Looking fair-skinned and fragile, connoting a luxurious indoor life and femininity, respectively, was the dominant aesthetic in developed parts of the world for a long time. Even when Christianity declared makeup the mark of a loose woman, God-fearing ladies bled themselves regularly to reduce the pesky flush of good health. In the 18th century, tuberculosis was so common that historians suspect it became chic to appear afflicted. Consumed by consumption, women brightened their eyes with a splash of citrus juice and consumed iodine, chalk, or small doses of arsenic to get pale. It sounds unfathomable until you fast forward to modern times, when women continue to pay for their own cancer by spending hours in tanning beds.
Of course, faking pallor externally was always an option, though hardly less dangerous. Lead, sulphur, and mercury (prescribed for blemishes) graced the skin. In late 18th century Italy, a woman called Signora Toffana formulated and sold a lead-and-arsenic face powder to wealthy socialites. She was executed after an estimated 600 men allegedly died from the habit of kissing their wives’ poison-dusted cheeks. The gentlemen of the English Parliament were getting fed up with artificial beautifiers, too. In 1770, a bill passed that said a woman using cosmetics could be penalized for witchcraft and her husband was free to nullify the marriage upon finding out his bride was not a natural beauty. This is either male chauvinism or just a good public health policy.
The 1800s brought some women reprieve from toxic makeup in the name of Victorian purity. Living in a culture that considered rosy faces beautiful but a pot of rouge scandalous, girls had to strategically bite their lips and pinch their cheeks before greeting a handsome suitor.

Get subtle color sans self harm with this sheer lipstick meant to mimic the look of lemon-scrubbed lips:

Lipstick Queen Medieval lipstick, $20. Seriously, harlots, it’s good stuff.

Those who did use makeup back then imported it from France, which was producing “natural, light” cosmetics to suit the style. An 1888 newspaper article warned women of using American makeup, which was more likely to contain bismuth, a substance the writer claimed would cause insanity similar to that of lead-poisoning. The story also advised ladies to remove their makeup with Vaseline as not to ruin their complexions like the actress Lillian Russell, who was reportedly lazy and slept in her stage makeup. This beauty tip still holds true, although few modern women would also add a mask made of raw beef to their evening skin care routines.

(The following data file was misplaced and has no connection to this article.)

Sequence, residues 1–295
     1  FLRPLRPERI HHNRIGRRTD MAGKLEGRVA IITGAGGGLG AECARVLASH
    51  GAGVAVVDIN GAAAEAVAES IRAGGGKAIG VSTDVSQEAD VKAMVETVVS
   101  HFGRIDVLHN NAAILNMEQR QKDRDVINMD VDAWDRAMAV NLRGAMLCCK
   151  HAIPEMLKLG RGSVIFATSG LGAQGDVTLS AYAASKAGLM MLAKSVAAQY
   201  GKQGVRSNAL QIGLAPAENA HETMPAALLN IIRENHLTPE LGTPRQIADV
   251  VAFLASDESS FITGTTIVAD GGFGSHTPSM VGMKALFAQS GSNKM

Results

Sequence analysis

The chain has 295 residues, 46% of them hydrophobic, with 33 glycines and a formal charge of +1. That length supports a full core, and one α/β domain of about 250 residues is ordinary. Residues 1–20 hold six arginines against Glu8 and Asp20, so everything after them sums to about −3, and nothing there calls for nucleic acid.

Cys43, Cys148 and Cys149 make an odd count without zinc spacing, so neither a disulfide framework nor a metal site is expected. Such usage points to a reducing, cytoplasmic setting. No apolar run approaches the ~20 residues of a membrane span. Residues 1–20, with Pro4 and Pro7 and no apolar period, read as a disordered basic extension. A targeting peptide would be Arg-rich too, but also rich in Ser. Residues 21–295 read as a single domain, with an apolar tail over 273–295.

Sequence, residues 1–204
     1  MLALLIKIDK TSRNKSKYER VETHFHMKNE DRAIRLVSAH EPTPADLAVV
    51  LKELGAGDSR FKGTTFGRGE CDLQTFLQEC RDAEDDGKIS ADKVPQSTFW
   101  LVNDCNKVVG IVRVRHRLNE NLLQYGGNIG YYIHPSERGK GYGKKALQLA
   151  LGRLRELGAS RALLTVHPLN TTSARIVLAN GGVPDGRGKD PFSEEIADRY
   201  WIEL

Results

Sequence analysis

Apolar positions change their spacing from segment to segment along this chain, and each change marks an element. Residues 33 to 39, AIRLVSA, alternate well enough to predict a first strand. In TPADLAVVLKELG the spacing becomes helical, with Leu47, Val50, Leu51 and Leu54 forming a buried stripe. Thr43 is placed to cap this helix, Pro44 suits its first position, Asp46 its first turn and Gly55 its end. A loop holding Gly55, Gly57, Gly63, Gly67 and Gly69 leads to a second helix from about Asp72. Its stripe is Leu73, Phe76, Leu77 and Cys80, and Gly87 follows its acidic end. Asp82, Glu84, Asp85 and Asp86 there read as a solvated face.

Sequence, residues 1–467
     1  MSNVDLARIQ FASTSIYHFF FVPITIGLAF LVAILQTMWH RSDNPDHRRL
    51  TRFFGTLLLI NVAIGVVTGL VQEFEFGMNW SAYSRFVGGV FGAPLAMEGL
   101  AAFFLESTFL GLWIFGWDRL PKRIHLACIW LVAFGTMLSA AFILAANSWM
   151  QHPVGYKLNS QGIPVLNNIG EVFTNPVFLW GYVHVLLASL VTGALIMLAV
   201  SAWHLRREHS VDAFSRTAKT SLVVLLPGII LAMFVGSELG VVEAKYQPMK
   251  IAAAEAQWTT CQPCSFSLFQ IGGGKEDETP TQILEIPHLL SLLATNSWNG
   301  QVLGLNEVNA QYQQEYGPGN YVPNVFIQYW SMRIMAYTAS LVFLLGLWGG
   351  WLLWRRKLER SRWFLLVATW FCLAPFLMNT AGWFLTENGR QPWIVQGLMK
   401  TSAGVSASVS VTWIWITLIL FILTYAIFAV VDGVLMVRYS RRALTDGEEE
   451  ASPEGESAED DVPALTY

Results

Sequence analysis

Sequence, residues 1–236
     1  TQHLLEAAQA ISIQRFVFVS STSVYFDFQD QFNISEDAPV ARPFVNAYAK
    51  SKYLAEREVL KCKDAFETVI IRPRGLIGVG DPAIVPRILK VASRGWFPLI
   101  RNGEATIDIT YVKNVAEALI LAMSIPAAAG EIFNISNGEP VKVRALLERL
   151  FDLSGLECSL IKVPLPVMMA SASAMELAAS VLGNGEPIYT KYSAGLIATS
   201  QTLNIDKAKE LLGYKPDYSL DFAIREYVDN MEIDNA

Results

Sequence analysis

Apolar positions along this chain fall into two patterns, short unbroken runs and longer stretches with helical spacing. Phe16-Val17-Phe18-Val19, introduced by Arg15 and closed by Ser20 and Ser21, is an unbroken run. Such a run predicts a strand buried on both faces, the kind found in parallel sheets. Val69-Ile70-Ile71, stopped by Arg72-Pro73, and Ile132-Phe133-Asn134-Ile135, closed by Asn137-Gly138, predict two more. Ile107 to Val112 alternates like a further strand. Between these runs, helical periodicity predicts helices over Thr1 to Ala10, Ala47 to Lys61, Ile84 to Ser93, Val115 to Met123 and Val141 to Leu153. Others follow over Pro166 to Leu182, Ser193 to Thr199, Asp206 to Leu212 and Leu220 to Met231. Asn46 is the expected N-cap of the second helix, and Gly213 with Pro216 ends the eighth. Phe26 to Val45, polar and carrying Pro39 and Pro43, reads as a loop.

Fortunately, the 20th century brought some reforms to the cosmetic industry. Safety became one more selling point that advertisers could use to lure women. The 1920s flappers rebelled against standards of beauty (tan skin was finally fashionable, though still a sign of the wealthy who now spent their leisure time outdoors). Lead poisoning waned, but chemists were busy cooking up parabens, a class of preservatives that are still widely used despite evidence that they can cause cancer. Phthalates, which studies have linked to birth defects, obesity, and autism, were also making their debut as a fragrance stabilizer. In 1921, Chanel No. 5 was the first perfume made with phthalates and synthetics. They were instant classics.

The early 30s brought in some killer looks. Consumers could pick up a skin cream called Koremlu that contained a rodent poison, thallium acetate. The lotion was pulled from department stores once it was obvious enough that it was causing paralysis, abdominal pain, and blindness. Another trendy way to go blind was Lash Lure, an eyelash colorant that claimed the vision of dozens of women. It stayed on the market a good five years after the FDA made the connection but didn’t have the regulatory authority to act on it. The Food, Drug, and Cosmetic Act of 1938 was passed, but did little more than allow the government to classify what was a cosmetic and proceed to not regulate it.

Consumer demand for personal care products continued to increase mid-century as celebrity endorsements abounded and industry advancements, particularly in the area of petroleum, provided more variety. It was a market boom with enough preservatives to stand the test of time. By the 70s, nearly everything one could apply to her body contained synthetic fragrance. The FDA flexed its muscles in 1977, though, by banning six carcinogenic color additives commonly used in lipstick. The beauty industry felt so bad about giving women cancer that it stopped using the colors…once the existent supplies were depleted after a few more years. Similar apathy was revealed in 1986, when the National Academy of Sciences reported that many perfumes included toxins that act directly on the nervous system. Fragrance companies –and the government– shrugged it off.